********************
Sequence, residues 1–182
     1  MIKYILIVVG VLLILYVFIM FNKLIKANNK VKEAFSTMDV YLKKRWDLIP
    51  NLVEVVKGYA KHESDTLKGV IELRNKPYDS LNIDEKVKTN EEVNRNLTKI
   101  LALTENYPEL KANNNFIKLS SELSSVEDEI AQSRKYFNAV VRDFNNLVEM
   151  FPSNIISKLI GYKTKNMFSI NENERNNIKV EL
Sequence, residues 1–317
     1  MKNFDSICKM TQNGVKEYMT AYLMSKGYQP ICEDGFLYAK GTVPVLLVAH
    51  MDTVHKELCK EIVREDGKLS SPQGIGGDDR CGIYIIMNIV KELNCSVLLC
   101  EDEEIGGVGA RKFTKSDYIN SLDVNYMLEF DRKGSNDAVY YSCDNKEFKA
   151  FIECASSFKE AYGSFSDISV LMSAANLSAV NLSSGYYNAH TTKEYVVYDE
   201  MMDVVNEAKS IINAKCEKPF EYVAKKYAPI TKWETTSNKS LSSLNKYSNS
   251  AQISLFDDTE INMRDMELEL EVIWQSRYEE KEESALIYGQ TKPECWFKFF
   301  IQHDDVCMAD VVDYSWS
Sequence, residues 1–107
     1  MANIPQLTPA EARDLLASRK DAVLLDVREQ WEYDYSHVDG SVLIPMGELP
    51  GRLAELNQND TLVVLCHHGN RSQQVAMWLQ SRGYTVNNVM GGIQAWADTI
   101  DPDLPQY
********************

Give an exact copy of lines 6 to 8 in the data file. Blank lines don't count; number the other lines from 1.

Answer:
Sequence, residues 1–317
     1  MKNFDSICKM TQNGVKEYMT AYLMSKGYQP ICEDGFLYAK GTVPVLLVAH
    51  MDTVHKELCK EIVREDGKLS SPQGIGGDDR CGIYIIMNIV KELNCSVLLC